In previous blogs (here and here), I have presented a comprehensive model of leadership that I have labeled The Performance Trilogy®. The framework describes the three fundamental processes that must be managed; strategy, execution, and leadership development and the three leadership roles needed for each process; leading, managing and coaching. Leading each of the three processes of the Performance Trilogy® requires very different attributes (i.e. talent and skills). The three most important attributes needed to successfully lead the strategy process are imagination, courage and persuasiveness. The three most important attributes needed to successfully manage the execution process are conscientiousness, productivity and discernment. The three most important attributes needed to successfully coach the leadership development process are integrity, empathy, and teaching skills. These nine attributes are universal and essential for sustainable success in any endeavor you pursue. In this blog we will explore the second of these management attributes required during the execution process, productivity.

Productivity – The ability to manage one’s energy and focus

Newly appointed managers often feel overwhelmed by the amount of responsibility they have acquired, and the work needed to be done to stay on top of things. Technical staff accustomed to focusing on a selectively few subjects suddenly find themselves overwhelmed with tens to hundreds of “events”. Making a successful transition from technical expert to manager requires awareness that there are not enough hours in the day to play an active role in every item that comes across your desk. The quicker that one learns how to prioritize and delegate (i.e. get organized) the faster they will absorb the responsibilities of the job and execute responsibly.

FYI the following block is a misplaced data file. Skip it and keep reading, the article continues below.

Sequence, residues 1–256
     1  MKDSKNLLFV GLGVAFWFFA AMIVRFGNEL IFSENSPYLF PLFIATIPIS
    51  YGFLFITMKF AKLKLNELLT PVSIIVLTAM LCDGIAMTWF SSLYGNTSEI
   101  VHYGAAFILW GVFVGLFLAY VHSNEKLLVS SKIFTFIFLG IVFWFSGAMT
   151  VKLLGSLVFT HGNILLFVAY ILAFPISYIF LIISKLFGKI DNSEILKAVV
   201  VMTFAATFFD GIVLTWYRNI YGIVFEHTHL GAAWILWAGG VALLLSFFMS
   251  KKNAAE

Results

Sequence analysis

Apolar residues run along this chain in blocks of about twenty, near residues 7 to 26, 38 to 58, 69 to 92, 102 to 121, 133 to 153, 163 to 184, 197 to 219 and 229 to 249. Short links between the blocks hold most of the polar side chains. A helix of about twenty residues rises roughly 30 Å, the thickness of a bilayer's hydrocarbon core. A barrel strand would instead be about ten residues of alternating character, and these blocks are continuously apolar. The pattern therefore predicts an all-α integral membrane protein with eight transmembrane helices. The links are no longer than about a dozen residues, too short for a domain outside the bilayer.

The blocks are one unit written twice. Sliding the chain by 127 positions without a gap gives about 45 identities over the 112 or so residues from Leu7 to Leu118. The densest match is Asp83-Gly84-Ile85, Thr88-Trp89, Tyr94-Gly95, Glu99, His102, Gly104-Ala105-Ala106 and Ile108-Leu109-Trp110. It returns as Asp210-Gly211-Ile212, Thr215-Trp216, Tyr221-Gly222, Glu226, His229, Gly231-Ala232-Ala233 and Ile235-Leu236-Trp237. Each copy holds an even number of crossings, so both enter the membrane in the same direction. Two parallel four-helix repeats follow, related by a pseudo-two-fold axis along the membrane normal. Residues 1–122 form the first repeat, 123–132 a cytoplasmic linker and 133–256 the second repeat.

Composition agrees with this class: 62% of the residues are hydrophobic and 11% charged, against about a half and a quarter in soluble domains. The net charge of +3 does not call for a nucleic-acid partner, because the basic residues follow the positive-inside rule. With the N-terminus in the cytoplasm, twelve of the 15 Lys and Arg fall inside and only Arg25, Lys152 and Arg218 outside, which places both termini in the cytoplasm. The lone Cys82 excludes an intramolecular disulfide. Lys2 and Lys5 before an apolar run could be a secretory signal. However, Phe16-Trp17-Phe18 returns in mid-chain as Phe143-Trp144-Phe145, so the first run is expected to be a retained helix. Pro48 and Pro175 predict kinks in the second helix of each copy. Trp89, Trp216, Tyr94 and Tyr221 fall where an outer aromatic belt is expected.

Newly appointed managers find out quickly that the scarcest resource they have to manage is their own time. Being organized is often equated to managing your time. The term “time management” is a misnomer as we all know that time cannot be managed. The minutes and hours of every day will pass according to schedule regardless of our actions. A better way to view being organized is to manage the events (or tasks) that we are involved in and the information we are required to process. In a typical day, most managers are whipsawed from one event to another without a lot of time to spend on any one of them. In addition, they are responsible for processing an enormous amount of information that comes across their desk. Fortunately, methods and tools have been developed to help managers cope with the volume of events and information to be processed and acted upon. If you are still using the same methods and tools to manage events and information that you used 10 years ago, I assure you that you will not be able to keep up with the speed of your colleagues that have acquired the latest organizational tools.

The short overview of the latest organizational tools involves two critical steps, effective prioritizing and efficient processing. In his book, First Things First, Steven Covey provides an excellent tool for prioritization. He characterizes all events and information in a two-dimensional matrix: those that are important and those that are urgent. The first priority is to address all those events and information that are both urgent and important. These are events that you must tackle or information you must process immediately. It is up to you to determine the importance of any event or piece of information in all aspects of your life not just work. I consistently advise managers to list the top ten most important priorities in their life and to determine how much time they allocate to each one on a weekly basis. The results of this exercise are revealing and often shocking. In their professional work environment, I insist that they make sure that their annual performance objectives are close to 100% aligned with their strategy and they allocate a majority of every workday on advancing these objectives. While this seems intuitively obvious, I have rarely seen this practiced.